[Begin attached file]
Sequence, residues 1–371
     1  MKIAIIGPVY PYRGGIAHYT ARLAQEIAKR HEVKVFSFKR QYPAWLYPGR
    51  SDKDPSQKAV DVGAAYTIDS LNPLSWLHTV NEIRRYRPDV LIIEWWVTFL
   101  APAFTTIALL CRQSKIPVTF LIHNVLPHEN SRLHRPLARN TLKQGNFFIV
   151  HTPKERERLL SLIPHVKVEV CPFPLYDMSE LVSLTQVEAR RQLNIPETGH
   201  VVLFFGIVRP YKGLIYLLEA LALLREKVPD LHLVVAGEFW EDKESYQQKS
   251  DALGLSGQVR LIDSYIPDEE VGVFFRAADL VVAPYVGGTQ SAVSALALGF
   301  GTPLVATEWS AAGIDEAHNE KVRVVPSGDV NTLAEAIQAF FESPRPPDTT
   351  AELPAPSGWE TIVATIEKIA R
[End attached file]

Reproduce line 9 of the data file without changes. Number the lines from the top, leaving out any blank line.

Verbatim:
   351  AELPAPSGWE TIVATIEKIA R